• Ann

    One good thing about them is they are certainly suitable for other games. Couldn’t they be used in AoS as stand-in’s for the Free People’s faction? I don’t think it’d be that much of a biggie if the knights ride horses with horse heads instead of horses with bird heads. 🙂

    • Wudugast

      Aye that’s true. I think the relationship could go both ways actually – even if we have seen the end of new official models for the Bretonnians there’s plenty being released for AoS that convertors could make use of. Some of the new Stormcast models for instance would look amazing if added to a Bretonnian army (swapping out the Stormcasts themselves for knights and keeping the steeds for example). Not only would it allow Bretonnian fans to expand their collections but it would bring a more fantasy feel to the army that would help to tie it in to the rest of Warhammer.

  • Azazel

    Nice work, and it’s a shame that I never really got into the Bretts while they were still supported (and missed out on a battleforce). I look forward to seeing a lot more!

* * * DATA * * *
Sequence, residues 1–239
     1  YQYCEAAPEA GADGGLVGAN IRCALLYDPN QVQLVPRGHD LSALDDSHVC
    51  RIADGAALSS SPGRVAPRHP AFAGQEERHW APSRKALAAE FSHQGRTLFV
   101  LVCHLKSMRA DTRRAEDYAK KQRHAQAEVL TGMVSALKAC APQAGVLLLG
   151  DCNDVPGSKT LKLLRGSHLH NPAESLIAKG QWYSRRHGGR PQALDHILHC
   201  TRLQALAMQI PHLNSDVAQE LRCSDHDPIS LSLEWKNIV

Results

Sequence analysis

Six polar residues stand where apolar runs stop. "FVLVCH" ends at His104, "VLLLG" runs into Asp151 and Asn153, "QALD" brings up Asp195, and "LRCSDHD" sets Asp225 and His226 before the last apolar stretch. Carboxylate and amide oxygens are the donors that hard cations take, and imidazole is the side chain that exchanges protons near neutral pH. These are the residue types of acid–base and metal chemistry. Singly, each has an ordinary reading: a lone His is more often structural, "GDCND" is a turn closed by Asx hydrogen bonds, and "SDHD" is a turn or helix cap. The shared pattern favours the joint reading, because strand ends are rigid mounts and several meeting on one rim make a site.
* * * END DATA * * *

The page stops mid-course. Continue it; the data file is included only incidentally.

They owe their existence to Ansell’s decree that the new game they were working on (that became Warhammer) should incorporate all of Citadel’s miniatures of the time. Hence the Swiss and Germanic Renaissance models became Empire, and the HYW-ish models became Bretonnia, with others split between the two. The Empire became the centre of the world, and as you’ve said, Bretonnia started as a land of rich and poor and corruption but despite the shiny and noble overhaul became a largely forgotten one in favour of their Germanic neighbours.

    • Wudugast

      Ah – that’s very interesting, I wasn’t aware of that part of the story. In some ways it’s reminiscent of the change to AoS which has seen a lot of models ported across just because they’re new/nice models/popular (which I’m all in favour of – much better than them just being discontinued) but has led to the incorporation of models that don’t entirely seem to fit the new setting. Ironically the Bretonnians were ported into Warhammer where they didn’t quite fit and then didn’t get carried over to AoS where the complexity of the universe and the number of possible human factions mean’s there was actually a lot more room for them.